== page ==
Abraham Lincoln and John F. Kennedy Coincidences

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U.S. Presidents Abraham Lincoln and John F. Kennedy are a piece of American folklore of unknown origin. The list of coincidences appeared in the mainstream American press in 1964, a year after the assassination of John F. Kennedy, having appeared prior to that in the G.O.P. Congressional Committee Newsletter. Martin Gardner examined the list in an article in Scientific American, later reprinted in his book, The Magic Numbers of Dr. Matrix. Gardner’s version of the list contained 16 items; many subsequent versions have circulated much longer lists. The list is still in circulation today, having endured in the popular imagination for over 50 years. A more recent examination by Snopes.com found that the listed “coincidences are easily explained as the simple product of mere chance.” In 1992, the Skeptical Inquirer ran a “Spooky Presidential Coincidences Contest.” One winner found a series of sixteen similar coincidences between Kennedy and former Mexican President Álvaro Obregón, while the other came up with similar lists for twenty-one pairs of US Presidents.

An example of the list is presented here for illustration. Some say that much of the list has been debunked, and a few entries are outright falsehoods. Some urban folklorists have postulated that the list provided a way for people to make sense of two tragic events in American history by seeking out patterns. Gardner and others have said that it is relatively easy to find seemingly meaningful patterns relating any two people or events, but that such patterns often do not stand up to rigorous scrutiny.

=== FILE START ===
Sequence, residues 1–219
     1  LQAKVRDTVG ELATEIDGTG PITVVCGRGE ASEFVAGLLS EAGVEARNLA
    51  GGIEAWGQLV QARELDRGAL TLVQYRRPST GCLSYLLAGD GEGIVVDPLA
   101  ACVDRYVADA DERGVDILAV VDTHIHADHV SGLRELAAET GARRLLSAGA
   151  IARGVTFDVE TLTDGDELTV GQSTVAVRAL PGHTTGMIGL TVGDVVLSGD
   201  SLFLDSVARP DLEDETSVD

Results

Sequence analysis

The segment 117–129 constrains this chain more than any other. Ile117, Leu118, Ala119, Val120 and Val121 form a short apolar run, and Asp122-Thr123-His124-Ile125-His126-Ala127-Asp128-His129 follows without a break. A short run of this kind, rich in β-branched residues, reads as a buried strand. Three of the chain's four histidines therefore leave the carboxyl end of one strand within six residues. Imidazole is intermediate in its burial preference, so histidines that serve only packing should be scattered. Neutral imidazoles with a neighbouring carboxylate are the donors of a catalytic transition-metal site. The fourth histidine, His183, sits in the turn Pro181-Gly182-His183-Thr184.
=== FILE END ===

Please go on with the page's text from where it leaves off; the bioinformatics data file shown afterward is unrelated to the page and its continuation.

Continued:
Both presidents were elected to the House of Representatives in ’46.

Both were losing candidates for their party’s vice-presidential nomination in ’56.

Both presidents were elected to the presidency in ’60, after a series of debates with their opponent.

Lincoln defeated incumbent Vice President John C. Breckenridge for the presidency in 1860; Kennedy defeated incumbent Vice President Richard M. Nixon for the presidency in 1960.

Both their predecessors were the last presidents to be born in their respective centuries.

Both their predecessors left office in their seventies and retired to Pennsylvania. James Buchanan, whom Lincoln succeeded, retired to Lancaster Township; Dwight D. Eisenhower, whom Kennedy succeeded, retired to Gettysburg. They both then died before the end of the decade.

Both their Vice Presidents and successors were Southern Democrats named Johnson (Andrew Johnson and Lyndon B. Johnson) who were born in ’08.

Both presidents were concerned with the problems of black Americans and made their views strongly known in ’63. Lincoln signed the Emancipation Proclamation in 1862, which took effect in 1863. In 1963, Kennedy presented his reports to Congress on Civil Rights, and in June of that year delivered his Civil Rights Address on radio and television in which he proposed the Civil Rights Act of 1964.

Both presidents, and their successors, conferred with a nationally known black leader about civil rights. Both Lincoln and Andrew Johnson conferred with Frederick Douglass. Both Kennedy and Lyndon Johnson conferred with Dr. Martin Luther King, Jr.